I am a bit confused about if I should use:
limits.cpu 1 limits.cpu.allowance 25%
to limit the container to a quarter of one cpu or:
Just give me X CPUs
In this mode, you let LXD pick a bunch of cores for you and then load-balance things as more containers and CPUs go online/offline.
The container only sees that number of CPU.
Give me a specific set of CPUs (say, core 1, 3 and 5)
Similar to the first mode except that no load-balancing is happening, you’re stuck with those cores no matter how busy they may be.
Give me 20% of whatever you have
In this mode, you get to see all the CPUs but the scheduler will restrict you to 20% of the CPU time but only when under load! So if the system isn’t busy, your container can have as much fun as it wants. When containers next to it start using the CPU, then it gets capped.
Out of every measured 200ms, give me 50ms (and no more than that)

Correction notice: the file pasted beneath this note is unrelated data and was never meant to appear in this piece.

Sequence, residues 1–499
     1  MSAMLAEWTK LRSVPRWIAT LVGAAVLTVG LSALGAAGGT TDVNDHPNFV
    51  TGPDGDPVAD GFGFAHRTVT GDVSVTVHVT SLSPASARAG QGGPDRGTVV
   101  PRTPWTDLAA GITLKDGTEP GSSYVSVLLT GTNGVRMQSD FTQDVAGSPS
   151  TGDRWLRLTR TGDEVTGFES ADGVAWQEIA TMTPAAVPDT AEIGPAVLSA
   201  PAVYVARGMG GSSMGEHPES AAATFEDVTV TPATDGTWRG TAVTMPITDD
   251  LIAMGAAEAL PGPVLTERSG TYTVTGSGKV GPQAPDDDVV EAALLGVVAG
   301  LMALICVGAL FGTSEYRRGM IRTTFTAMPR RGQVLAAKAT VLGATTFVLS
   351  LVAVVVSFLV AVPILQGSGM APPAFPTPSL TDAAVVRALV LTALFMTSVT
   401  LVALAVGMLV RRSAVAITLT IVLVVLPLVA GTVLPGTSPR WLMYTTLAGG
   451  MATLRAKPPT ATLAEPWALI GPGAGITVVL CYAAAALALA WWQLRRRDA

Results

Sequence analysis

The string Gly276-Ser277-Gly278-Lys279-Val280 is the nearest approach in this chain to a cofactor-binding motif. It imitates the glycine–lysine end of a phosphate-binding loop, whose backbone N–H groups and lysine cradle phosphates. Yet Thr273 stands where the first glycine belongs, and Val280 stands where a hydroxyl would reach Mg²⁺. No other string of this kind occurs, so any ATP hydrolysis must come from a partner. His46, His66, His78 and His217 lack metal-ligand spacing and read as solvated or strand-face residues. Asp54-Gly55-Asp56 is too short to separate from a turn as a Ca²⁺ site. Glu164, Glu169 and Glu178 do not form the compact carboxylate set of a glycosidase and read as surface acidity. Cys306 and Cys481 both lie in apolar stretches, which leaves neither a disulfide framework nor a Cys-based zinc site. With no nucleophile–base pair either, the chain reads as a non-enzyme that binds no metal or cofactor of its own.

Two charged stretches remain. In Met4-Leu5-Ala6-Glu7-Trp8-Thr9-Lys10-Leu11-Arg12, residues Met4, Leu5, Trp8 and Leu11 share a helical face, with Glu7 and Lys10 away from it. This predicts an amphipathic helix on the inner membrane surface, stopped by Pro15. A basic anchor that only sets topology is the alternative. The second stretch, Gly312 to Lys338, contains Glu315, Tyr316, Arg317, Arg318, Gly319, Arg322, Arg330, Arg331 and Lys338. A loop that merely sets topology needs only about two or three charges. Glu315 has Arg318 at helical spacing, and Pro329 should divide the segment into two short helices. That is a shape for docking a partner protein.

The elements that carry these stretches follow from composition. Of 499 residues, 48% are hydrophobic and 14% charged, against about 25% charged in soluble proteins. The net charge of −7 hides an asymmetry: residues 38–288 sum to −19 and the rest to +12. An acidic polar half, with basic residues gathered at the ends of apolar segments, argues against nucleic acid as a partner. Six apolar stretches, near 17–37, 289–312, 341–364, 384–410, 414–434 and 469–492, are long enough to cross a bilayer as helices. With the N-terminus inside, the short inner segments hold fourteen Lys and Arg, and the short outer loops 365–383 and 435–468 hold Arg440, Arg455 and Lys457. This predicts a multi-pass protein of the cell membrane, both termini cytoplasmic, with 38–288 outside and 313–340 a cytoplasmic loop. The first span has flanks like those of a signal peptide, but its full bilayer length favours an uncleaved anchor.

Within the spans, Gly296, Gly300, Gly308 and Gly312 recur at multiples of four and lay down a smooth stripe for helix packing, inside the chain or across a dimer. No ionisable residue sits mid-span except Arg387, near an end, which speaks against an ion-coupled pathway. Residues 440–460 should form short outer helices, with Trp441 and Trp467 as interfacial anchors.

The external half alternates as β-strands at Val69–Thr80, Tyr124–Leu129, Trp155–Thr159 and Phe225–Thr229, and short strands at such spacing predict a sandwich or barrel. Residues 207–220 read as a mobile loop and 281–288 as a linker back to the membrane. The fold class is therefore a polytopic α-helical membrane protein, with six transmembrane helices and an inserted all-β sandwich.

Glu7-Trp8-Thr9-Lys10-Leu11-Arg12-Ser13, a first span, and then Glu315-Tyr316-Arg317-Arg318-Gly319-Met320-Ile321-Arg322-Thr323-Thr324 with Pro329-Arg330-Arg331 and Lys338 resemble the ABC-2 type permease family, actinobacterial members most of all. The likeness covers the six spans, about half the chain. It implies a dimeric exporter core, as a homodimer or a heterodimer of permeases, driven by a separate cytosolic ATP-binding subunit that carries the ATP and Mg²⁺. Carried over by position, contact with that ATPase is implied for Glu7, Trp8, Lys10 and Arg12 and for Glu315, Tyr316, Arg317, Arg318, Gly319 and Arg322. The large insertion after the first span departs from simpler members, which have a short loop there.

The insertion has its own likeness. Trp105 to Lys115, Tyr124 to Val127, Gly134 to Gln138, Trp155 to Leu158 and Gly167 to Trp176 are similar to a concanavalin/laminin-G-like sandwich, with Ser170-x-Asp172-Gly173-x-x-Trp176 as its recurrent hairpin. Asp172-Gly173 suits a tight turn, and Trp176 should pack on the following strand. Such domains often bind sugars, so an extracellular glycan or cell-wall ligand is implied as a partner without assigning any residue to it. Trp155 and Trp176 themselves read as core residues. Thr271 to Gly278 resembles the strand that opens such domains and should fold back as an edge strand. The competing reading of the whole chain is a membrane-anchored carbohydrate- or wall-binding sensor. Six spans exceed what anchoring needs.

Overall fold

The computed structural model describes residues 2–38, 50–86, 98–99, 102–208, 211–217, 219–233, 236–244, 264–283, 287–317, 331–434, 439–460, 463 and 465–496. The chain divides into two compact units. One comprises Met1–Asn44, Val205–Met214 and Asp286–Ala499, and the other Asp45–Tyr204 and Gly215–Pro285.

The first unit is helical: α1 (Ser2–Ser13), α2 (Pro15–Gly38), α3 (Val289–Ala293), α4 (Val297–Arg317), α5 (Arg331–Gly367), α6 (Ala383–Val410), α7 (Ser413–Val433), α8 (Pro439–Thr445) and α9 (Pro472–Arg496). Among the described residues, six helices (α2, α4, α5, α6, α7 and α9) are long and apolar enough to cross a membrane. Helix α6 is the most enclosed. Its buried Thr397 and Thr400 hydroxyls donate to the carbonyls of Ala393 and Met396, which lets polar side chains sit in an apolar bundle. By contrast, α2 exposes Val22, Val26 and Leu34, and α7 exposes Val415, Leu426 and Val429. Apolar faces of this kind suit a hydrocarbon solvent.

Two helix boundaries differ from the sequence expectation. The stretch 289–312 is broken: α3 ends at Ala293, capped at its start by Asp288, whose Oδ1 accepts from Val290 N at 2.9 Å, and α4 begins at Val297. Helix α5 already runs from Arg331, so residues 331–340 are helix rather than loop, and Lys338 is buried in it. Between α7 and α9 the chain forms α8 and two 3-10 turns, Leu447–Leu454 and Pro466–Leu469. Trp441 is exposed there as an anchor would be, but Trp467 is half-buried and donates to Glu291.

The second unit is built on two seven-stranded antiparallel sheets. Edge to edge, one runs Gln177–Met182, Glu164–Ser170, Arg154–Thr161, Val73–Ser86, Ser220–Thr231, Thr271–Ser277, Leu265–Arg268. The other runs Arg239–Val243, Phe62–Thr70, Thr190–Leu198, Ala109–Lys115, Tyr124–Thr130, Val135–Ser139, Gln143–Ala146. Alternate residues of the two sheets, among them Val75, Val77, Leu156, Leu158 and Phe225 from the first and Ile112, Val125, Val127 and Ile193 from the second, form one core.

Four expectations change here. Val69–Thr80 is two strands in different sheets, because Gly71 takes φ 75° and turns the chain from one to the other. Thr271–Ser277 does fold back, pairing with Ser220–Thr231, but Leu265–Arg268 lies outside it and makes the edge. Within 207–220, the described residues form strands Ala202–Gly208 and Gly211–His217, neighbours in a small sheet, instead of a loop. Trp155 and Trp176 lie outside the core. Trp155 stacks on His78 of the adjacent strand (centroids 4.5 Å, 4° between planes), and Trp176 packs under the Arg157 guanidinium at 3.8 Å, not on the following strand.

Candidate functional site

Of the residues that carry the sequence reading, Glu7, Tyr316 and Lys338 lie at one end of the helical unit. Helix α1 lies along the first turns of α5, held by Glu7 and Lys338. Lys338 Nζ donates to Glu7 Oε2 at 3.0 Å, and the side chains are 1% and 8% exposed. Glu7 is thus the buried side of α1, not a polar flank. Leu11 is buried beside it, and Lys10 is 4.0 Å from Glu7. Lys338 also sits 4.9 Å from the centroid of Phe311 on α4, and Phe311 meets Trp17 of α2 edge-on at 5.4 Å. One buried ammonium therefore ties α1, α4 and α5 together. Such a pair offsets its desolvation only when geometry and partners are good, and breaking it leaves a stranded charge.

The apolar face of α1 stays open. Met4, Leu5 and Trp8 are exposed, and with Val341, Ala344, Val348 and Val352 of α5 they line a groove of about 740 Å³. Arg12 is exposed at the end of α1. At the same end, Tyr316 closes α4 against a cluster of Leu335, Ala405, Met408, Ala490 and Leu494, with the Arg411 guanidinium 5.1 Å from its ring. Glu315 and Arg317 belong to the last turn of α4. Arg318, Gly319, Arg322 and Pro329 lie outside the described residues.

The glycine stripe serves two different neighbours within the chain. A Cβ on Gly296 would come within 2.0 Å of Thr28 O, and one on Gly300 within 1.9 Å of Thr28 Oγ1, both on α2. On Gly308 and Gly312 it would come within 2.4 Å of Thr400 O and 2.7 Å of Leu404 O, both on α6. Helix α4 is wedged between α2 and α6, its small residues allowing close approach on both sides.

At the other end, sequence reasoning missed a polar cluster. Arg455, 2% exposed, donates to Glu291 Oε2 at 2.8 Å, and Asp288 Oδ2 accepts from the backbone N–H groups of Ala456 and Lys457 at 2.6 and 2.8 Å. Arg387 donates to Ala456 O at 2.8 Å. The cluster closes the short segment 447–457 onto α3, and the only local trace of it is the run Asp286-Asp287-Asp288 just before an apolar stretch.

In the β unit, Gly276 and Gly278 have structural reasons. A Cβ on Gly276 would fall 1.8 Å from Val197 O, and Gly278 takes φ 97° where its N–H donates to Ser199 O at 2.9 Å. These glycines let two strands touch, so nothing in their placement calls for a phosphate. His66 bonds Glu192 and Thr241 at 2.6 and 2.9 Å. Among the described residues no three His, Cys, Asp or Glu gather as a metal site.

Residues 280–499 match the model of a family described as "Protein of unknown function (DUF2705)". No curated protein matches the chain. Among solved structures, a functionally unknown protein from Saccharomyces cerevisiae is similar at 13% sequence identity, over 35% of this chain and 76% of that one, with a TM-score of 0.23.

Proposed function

This mode is similar to the previous one in that you get to see all the CPUs but this time, you can only use as much CPU time as you set in the limit, no matter how idle the system may be. On a system without over-commit this lets you slice your CPU very neatly and guarantees constant performance to those containers.
It’s also possible to combine one of the first two with one of the last two, that is, request a set of CPUs and then further restrict how much CPU time you get on those.
But there it says:
limits.cpu.allowancedrives either the CFS scheduler quotas when passed a time constraint, or the generic CPU shares mechanism when passed a percentage value.
The time constraint (e.g. 20ms/50ms) is relative to one CPU worth of time, so to restrict to two CPUs worth of time, something like 100ms/50ms should be used.
So which is true?
The time measurement applies to the whole cpu time available or only to one?